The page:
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  • Raghav Sand

Ransomware: The Malicious Software

According to the 2021 CrowdStrike Global Security Attitude Survey, conducted by independent research firm Vanson Bourne, ransomware has been a persistent threat, costing organisations nearly $2 million on average.


India has been the worst hit by ransomware in the APAC region, with 76 per cent having suffered a ransomware attack this year, as compared to 61 per cent in Japan, 64 per cent in Singapore and 67 per cent in Australia. Additionally, 27 per cent of Indian respondents said that they have paid between $500,000 – $1 million as extortion fees on top of ransomware as compared to 33 per cent in Japan, 29 per cent in Singapore and 19 per cent in Australia. Globally as per the survey, the average ransomware payout has increased 62.7 per cent in 2021 (from $1.1 million in 2020 to $1.79 million in 2021).


“While attackers aren’t getting quite the amounts they are seeking, they are still earning massive payouts. CrowdStrike attributes this to companies understanding both the threat and their exposure, and their ability to negotiate with attackers,” the report said.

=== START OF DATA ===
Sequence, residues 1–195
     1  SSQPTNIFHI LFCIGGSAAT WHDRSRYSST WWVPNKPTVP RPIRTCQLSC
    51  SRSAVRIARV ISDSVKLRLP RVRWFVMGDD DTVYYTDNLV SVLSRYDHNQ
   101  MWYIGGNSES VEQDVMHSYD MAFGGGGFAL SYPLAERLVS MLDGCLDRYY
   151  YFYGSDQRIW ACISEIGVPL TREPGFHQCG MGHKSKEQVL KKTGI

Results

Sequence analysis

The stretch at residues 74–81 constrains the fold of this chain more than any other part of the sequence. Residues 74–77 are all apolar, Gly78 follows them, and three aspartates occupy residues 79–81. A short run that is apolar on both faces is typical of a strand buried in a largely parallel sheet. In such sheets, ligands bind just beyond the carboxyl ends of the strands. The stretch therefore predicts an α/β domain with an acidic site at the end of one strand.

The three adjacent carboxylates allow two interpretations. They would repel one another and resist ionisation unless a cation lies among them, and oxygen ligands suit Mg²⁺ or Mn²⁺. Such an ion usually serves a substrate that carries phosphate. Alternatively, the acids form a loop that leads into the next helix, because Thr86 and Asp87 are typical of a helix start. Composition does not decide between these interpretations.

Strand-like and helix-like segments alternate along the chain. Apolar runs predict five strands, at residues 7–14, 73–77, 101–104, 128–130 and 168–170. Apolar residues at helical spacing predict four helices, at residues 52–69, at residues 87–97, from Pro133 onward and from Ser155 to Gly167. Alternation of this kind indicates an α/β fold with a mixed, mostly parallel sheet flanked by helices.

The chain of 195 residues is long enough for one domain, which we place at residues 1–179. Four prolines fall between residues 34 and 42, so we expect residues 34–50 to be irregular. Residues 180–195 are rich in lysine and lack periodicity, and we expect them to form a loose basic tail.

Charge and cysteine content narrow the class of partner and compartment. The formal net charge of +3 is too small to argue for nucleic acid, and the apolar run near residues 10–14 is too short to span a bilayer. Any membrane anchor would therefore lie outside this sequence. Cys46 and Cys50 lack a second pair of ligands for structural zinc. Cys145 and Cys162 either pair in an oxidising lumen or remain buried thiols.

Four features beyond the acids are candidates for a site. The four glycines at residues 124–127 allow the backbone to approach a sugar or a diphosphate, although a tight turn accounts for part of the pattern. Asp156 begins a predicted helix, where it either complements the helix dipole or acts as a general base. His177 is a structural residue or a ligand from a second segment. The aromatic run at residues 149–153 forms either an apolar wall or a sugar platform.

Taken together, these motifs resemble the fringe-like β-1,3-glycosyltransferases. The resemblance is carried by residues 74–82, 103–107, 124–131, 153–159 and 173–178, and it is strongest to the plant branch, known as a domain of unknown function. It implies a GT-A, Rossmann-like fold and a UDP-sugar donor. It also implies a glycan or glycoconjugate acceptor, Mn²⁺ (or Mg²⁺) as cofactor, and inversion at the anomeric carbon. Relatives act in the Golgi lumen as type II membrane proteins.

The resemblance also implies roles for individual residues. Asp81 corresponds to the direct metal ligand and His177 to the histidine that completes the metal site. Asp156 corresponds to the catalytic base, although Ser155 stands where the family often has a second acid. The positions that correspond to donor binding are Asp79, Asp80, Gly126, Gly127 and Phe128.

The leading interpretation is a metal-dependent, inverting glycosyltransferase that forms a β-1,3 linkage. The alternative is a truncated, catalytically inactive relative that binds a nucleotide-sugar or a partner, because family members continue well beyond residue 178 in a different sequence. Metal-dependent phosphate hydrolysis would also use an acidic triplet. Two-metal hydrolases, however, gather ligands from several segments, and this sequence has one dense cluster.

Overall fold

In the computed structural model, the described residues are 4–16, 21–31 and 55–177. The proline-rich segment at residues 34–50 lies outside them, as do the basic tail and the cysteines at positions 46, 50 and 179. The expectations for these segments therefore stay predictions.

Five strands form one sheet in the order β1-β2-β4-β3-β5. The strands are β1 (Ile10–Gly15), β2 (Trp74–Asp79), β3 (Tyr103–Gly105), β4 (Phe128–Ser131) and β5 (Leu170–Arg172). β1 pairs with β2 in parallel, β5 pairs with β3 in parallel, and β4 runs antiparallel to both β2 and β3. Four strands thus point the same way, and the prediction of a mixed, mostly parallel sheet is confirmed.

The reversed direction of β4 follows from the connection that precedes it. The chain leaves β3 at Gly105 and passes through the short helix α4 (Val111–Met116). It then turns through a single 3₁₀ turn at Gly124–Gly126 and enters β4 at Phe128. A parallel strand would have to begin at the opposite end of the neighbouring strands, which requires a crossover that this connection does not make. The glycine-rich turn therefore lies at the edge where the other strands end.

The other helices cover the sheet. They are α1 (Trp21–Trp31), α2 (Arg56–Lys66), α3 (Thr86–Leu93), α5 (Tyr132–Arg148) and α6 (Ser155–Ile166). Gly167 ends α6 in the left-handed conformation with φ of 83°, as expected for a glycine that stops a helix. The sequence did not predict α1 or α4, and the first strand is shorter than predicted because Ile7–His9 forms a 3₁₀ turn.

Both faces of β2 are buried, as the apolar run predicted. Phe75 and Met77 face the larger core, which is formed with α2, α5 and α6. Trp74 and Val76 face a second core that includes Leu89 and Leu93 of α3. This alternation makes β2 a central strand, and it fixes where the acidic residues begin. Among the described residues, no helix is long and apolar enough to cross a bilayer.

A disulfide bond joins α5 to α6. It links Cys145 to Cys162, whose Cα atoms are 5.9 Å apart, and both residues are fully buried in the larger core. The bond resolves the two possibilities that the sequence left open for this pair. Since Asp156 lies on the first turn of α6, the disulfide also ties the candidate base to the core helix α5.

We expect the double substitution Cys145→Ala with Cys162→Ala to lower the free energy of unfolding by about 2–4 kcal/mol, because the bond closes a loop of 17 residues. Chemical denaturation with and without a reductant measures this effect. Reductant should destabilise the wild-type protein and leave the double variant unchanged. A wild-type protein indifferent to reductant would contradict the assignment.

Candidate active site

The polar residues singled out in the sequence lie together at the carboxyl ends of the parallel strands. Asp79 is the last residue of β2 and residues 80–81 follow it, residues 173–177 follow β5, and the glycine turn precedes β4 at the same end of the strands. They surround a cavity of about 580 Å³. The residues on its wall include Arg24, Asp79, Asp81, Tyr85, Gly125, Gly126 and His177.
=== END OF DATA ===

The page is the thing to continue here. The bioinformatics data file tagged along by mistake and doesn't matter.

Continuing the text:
Further, “organisations are almost universally getting hit with “double extortion,” when threat actors not only demand a ransom to decrypt data, they additionally threaten to leak or sell the data unless the victims pays more money,” the report said.


What is Ransomware?


Ransomware is malware (malicious software) that encrypts your files or stops you from using your computer until you pay money (a ransom) for them to be unlocked. If your computer is connected to a network the ransomware may also spread to other computers or storage devices on the network.


Some of the ways you can get infected by ransomware include:

  1. Visiting unsafe, suspicious, or fake websites.

  2. Opening file attachments that you weren’t expecting or from people you don’t know.

  3. Opening malicious or bad links in emails, Facebook, Twitter, and other social media posts, or in instant messenger or SMS chats.

You can often recognize a fake email and webpage because they have bad spelling, or just look unusual. Look out for strange spellings of company names (like “PayePal” instead of “PayPal”) or unusual spaces, symbols, or punctuation (like “iTunesCustomer Service” instead of “iTunes Customer Service”).


Ransomware can target any PC—whether it’s a home computer, PCs on an enterprise network, or servers used by a government agency.


Organizations often learn about their cyber-attack when they receive a notification from an infected machine informing them that their data has been targeted. There are typically a few steps within a typical ransomware attack. First, the system or control server is compromised to install the malware. Next, the malware takes control of the machine by encrypting data with the ransomware. Then, the compromised machine displays a message with the “ransom note” with the attacker’s demands for the individual or corporation, telling them that their encrypted files will not be accessible until the ransom is paid.


Types of Ransomware


In particular, two types of ransomware are very popular: